Thallus saxicolous, crustose to subfoliose, placodioid, the centre of elongate, typically distinctly convex, convoluted, gnarled, contiguous to ±separate areoles, irregularly radiating towards the margin and extending into contiguous to ±separate, apically broadened, convex to ±flattened marginal lobes; surface faintly olivaceous grey to pale or deep beige, becoming more intensely brown on extended storage, rarely darkened along the lobe margins, ±shiny, with a smooth texture, mainly epruinose, but usually with a very faint, farinose pruina confined to the lobe margin and lining the edges of central areoles; central areoles usually abundantly fertile, very rarely with sparse soralia; soralia very rarely present, convex, erumpent, circular to irregular, occasionally ±confluent, developing from the thallus surface, soredia ivory white, typically paler than the thallus surface, granular compact, ecorticate with sparse, short protruding hyphae [(45–)61–91(–122) µm in diam.]; cortex phenocorticate, with a 7.5–10 µm thick epinecral layer, interspersed with fine crystals and a pale yellowish brown pigment (both dissolving in K), phenocortical layer prosoparenchymatous (ca. 10 µm wide), interspersed with minute crystals (dissolving in K) and a few dead algal cells; medulla of ±densely interwoven, white hyphae, typically with a dirty orange brown pigment near the substrate (unidentified secalonic acid derivatives), IKI-, filled with minute crystals that dissolve in K and sparse, large crystals insoluble in K, no needles formed in H2SO4 (calcium oxalate absent). Apothecia emergent, soon sessile, disc black, typically epruinose to very faintly pruinose, rarely with a bluish tinge caused by a strong white pruina; initially lecideine with a thin proper margin, soon becoming lecanorine, engulfed in and obscured by a thick, often ±discontinuous thalline margin which becomes irregularly crenate with age; thalline exciple with cortex, photobiont layer and medulla, filled with abundant minute crystals (same reactions as the thallus); proper exciple initially conspicuous, dark brown to strongly carbonized, with age becoming reduced, fading to brown or becoming hyaline, extending from a deep, fuscous to reddish brown hypothecium that extends from the base into a short, fuscous brown to reddish brown stipe; subhymenium not distinctly differentiated from hypothecium, not inspersed; hymenium hyaline, not inspersed; epihymenium olivaceous, interspersed with hyaline to brownish granules and a diffuse, dull greenish pigment (K+ faintly violet), paraphyses with brownish pigment cap; asci clavate, 8-spored, similar to the Bacidia-type (central, unstained part cylindrical, but stained flanks merging at the tip); ascospores 1-septate, olive grey then deep brown, smooth, ellipsoid to narrowly oblong, with age ±constricted at septum and often with ±pointed ends, with moderate median and indistinct to soon distinct apical thickenings, cell lumina initially ±angular, but with age becoming thin-walled (±Dirinaria-type), (12–)13.5–19.5(–28.5) × (5–)6–8(–10) mm (n = 45), spore wall smooth, not ornamented. Pycnidia immersed, flask-shaped with colourless wall, and deep fuscous to olivaceous ostiole; conidia simple, bacilliform (slightly tapered at one end) (3–)4–6(–6.5) × ca. 1–1.5 mm (n = 15).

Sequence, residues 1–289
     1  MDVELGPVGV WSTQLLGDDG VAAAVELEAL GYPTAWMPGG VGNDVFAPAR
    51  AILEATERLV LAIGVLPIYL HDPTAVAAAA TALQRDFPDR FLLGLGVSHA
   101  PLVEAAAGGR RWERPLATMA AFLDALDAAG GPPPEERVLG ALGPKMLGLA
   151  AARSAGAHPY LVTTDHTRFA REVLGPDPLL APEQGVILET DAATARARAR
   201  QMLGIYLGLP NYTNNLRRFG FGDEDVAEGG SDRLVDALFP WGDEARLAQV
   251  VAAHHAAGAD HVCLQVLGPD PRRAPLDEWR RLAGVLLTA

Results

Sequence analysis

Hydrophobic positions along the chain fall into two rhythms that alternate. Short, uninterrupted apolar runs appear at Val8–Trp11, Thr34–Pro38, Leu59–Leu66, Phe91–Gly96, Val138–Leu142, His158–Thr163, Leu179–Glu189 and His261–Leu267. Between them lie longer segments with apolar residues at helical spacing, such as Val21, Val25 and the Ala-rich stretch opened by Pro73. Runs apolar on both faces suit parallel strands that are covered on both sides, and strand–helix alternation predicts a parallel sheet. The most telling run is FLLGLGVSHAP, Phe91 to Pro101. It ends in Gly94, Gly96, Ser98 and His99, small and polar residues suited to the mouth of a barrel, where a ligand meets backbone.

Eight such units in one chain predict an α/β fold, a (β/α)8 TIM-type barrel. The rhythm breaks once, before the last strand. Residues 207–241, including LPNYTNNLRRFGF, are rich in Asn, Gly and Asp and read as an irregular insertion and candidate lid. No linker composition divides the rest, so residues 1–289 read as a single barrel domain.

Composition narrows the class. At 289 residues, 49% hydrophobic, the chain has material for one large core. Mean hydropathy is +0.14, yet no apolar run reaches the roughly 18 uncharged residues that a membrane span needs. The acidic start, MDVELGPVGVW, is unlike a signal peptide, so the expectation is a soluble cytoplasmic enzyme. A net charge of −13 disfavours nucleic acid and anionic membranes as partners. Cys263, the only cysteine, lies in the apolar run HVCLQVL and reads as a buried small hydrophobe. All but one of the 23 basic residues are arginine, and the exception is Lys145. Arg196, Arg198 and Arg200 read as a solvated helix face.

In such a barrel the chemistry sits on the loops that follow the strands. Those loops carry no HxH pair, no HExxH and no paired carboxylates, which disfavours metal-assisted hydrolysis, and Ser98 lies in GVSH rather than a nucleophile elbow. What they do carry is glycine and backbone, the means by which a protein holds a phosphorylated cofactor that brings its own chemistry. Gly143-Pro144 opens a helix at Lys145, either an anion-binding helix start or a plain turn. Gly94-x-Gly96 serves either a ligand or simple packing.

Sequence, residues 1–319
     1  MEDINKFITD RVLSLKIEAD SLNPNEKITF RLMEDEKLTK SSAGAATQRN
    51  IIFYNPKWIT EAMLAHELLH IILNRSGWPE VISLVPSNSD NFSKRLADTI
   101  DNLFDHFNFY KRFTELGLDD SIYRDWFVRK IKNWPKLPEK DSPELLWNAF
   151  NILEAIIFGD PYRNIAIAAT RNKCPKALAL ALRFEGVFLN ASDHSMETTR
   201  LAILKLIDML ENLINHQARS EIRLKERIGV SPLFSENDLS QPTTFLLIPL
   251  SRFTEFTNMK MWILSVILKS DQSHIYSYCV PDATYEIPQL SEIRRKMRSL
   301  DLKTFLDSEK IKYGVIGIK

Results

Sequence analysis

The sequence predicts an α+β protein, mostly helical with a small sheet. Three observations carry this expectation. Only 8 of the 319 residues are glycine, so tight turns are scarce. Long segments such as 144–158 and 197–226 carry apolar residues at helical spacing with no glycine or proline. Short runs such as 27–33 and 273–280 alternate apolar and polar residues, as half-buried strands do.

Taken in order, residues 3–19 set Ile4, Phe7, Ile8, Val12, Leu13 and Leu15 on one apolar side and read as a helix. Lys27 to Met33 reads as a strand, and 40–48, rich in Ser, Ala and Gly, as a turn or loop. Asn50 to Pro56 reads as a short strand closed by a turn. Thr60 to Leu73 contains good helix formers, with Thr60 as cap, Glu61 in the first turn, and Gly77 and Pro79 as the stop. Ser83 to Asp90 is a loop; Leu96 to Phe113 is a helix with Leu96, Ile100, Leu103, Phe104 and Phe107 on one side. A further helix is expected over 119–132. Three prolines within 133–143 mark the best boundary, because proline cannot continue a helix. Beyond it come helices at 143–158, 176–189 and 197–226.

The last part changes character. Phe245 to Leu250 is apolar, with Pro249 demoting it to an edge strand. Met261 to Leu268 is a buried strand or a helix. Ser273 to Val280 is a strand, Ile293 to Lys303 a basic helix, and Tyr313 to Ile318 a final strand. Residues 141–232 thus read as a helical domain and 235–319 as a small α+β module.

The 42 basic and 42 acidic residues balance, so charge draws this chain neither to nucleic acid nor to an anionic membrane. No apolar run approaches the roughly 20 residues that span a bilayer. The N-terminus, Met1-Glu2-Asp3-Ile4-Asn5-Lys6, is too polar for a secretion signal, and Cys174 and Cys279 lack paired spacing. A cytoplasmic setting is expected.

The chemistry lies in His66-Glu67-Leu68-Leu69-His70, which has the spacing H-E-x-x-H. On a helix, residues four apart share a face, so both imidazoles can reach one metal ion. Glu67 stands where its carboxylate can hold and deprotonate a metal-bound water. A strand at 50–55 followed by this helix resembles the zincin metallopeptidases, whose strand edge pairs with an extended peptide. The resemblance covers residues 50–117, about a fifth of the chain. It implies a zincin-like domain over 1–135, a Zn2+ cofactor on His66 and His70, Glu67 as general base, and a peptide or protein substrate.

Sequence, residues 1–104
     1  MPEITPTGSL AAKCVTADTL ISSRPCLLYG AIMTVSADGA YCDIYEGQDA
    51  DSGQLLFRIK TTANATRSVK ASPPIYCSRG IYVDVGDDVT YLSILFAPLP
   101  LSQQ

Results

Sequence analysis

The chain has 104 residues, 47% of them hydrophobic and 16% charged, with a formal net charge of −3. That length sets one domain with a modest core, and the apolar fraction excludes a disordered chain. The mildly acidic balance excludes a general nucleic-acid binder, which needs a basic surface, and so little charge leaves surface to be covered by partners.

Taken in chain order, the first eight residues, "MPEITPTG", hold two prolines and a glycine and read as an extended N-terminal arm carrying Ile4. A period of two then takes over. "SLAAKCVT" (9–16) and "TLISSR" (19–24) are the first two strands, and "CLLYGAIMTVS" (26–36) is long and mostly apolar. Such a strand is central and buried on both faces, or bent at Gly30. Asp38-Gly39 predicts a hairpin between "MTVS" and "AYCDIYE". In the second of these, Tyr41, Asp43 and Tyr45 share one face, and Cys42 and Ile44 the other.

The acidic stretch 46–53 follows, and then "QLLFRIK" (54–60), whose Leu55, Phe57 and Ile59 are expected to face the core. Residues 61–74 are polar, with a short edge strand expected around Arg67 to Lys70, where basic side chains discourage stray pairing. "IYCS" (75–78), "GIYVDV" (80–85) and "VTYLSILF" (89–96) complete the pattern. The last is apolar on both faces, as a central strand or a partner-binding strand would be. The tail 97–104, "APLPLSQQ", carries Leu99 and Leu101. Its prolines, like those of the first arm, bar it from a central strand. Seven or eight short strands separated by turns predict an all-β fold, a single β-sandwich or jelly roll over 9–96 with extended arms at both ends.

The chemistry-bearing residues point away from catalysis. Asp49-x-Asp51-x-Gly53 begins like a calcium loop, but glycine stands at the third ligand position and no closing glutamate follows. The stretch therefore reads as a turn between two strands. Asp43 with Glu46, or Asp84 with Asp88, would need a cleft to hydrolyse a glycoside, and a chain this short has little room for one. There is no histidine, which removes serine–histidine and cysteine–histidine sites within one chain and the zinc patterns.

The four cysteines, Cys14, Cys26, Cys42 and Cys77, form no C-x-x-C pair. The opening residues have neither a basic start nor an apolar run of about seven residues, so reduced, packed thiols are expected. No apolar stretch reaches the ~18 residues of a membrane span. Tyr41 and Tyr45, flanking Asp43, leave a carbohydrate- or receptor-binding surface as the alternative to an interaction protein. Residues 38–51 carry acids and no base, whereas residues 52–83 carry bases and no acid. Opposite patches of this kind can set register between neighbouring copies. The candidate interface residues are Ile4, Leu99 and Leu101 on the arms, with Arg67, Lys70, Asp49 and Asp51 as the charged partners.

Etymology: From Latin "glebous", meaning lumpy, cloddy, gnarled.